In July 2014 East Ayrshire Leisure Trust, on behalf of
Ayrshire Council, acquired one of the most important remaining artefacts relating to the Eglinton Tournament of 1839 - a silver-gilt statuette of the 13th Earl of Eglinton and his horse in their full Tournament armour.
A funding package was secured by a group including East Ayrshire Leisure, The National Fund for Acquisitions, The Art Fund, The Barcapel Foundation and the Kyle and Carrick Civic Society after the owner had indicated that the statue may be sold to the U.S.
The statuette, measuring 44cm, is all that remains of the 'Glasgow Eglinton Memorial', a decorative candelabrum which was given to the 13th Earl by 300 citizens of Glasgow in appreciation of his efforts to put on the event. It is believed that the rest of the candelabrum was melted down sometime after it was sold from the estate in 1922, but that the statue was saved. It is beautifully and intricately modelled and was produced by silversmiths in Glasgow and London.
The statuette contains a number of interesting and noteworthy features.
It can be most closely compared to the magnificent
Trophy, which was considered to be the most important piece of silverware in Scotland at the time of its presentation in 1843. The Eglinton Trophy was given to the 13th Earl by his friends and admirers in thanks of his efforts in staging the Tournament. It was designed by Edmund Cotterill, of R&S Garrards of London, and took 4 years to complete.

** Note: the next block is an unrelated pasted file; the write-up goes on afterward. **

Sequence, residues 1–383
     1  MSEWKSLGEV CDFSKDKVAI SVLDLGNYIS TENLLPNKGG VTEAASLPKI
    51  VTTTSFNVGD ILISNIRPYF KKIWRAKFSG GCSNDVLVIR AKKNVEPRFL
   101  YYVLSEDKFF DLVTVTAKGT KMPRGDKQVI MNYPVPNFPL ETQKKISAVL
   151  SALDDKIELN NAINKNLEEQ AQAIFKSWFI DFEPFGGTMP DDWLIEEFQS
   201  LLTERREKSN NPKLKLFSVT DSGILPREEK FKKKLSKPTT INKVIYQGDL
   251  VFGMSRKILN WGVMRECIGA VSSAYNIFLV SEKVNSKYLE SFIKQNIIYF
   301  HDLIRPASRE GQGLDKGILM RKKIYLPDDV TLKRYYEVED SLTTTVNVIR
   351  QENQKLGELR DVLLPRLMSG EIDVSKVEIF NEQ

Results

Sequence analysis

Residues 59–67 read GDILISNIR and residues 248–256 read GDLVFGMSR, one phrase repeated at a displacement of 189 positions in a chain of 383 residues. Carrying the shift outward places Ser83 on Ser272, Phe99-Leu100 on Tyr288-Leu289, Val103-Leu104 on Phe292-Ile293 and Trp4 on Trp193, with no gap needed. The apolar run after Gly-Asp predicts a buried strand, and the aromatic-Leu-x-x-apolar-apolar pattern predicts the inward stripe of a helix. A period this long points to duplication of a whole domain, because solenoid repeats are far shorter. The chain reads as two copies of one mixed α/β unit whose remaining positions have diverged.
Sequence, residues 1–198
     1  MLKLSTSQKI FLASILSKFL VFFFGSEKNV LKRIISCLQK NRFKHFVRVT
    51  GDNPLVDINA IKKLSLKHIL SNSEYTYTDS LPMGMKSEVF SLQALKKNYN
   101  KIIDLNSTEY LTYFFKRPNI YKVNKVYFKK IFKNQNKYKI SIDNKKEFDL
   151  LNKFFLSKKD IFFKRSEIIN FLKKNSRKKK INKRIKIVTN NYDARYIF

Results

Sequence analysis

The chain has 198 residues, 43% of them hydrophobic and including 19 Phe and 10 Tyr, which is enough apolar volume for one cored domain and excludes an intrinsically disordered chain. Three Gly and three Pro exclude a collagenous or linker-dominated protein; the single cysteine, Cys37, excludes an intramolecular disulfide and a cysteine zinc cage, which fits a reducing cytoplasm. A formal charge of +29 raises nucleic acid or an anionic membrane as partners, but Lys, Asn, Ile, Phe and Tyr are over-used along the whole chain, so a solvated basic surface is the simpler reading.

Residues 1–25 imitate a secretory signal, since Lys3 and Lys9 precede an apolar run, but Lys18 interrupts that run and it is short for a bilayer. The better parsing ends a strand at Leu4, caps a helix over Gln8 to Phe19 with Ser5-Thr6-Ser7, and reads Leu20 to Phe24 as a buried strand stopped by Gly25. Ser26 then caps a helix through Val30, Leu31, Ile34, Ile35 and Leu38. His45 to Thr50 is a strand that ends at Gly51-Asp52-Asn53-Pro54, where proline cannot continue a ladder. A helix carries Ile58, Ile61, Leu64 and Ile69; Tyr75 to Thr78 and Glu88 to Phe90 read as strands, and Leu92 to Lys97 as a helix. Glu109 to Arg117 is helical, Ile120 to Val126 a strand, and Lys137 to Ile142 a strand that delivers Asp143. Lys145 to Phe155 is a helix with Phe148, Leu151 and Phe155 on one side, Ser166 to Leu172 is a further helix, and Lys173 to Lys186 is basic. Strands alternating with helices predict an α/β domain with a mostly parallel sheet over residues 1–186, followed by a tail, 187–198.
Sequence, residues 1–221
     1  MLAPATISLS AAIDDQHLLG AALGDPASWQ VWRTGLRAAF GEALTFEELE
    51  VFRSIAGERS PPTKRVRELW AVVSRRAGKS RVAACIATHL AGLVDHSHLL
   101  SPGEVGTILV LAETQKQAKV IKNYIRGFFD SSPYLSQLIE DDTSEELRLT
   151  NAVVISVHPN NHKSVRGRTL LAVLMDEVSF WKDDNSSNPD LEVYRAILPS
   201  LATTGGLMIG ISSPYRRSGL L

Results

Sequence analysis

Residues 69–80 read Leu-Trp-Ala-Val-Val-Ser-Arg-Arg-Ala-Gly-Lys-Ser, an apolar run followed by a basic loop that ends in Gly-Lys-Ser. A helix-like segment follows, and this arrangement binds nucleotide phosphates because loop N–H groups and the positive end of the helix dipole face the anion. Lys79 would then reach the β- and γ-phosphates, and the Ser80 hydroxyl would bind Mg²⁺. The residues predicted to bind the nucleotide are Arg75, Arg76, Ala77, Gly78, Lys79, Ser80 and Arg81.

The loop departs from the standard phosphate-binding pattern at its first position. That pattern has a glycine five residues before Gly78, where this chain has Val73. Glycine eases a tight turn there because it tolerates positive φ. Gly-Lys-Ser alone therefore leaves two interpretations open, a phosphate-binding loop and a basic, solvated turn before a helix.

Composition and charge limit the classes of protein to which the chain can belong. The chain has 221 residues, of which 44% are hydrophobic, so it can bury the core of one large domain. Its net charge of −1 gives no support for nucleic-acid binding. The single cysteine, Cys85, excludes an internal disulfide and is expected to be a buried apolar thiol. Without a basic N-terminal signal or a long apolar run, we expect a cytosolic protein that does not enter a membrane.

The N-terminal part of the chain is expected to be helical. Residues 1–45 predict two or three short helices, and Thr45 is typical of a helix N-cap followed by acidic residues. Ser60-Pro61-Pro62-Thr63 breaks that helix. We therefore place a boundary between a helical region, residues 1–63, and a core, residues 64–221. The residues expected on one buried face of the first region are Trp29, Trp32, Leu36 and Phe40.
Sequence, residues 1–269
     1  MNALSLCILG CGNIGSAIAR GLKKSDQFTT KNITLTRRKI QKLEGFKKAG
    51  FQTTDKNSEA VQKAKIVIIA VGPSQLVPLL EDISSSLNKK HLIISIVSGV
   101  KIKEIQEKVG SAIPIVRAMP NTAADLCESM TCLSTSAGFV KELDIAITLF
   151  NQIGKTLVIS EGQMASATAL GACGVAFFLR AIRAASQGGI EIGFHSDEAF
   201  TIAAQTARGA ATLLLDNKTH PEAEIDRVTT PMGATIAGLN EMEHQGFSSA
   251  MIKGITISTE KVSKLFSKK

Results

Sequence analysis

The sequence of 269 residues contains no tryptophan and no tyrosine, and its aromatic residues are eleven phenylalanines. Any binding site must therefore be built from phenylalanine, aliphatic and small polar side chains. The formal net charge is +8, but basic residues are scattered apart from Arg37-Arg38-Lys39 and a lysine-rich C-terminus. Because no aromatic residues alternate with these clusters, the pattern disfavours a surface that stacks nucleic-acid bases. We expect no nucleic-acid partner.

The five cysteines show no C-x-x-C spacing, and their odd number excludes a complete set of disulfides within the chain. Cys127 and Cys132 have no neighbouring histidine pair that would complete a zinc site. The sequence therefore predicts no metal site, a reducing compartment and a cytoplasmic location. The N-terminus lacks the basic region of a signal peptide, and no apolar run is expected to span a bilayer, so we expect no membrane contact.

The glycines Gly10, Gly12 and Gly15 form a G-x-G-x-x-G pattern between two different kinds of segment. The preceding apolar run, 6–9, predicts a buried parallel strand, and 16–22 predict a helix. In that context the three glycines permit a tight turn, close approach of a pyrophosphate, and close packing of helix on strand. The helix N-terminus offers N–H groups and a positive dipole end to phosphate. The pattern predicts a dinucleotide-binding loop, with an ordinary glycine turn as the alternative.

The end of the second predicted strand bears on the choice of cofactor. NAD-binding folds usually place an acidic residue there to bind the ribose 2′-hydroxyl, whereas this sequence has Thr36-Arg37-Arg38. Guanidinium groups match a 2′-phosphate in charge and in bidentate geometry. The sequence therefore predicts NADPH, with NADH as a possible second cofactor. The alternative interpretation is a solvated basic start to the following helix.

However, the statuette here is hallmarked for 1840, 3
earlier, and was produced by Benjamin Smith III of London, apparently in partnership with D.C Rait of Glasgow.
Smith's statuette has some clear differences to
Both clearly show the Eglinton coat of arms of the horse's rear flank, but above the forelegs Cotterill's wyvern faces forwards, whilst Smith's faces to the rear. On Cotterill's helmet is a well-modelled, seated, winged wyvern, and on Smith's a grotesque head with none of the body. However, Smith's lance is clearly an accurate model of a grooved design which was used at the Tournament, whilst Cotterill's is smooth and more robust.
The most accurate images of the Tournament are considered
be the watercolours by Nixon, and Cotterill's modelling is very close to these images. Whilst Nixon drew these first-hand they were not published until 1843, but as the committee that commissioned the Trophy included the Marquess of Londonderry, it is entirely possible Cotterill had access to these works to get the detail he needed. Given the speed with which Smith's model was produced (within a year), it may be that he was using other, less accurate, sources.
The statue, and a selection of watercolours and shields,
will be on public display at the Dick Institute (South Museum) from Thursday 28th August (Tue - Sat 11am - 5pm) to commemorate the 175th Anniversary of the Eglinton Tournament.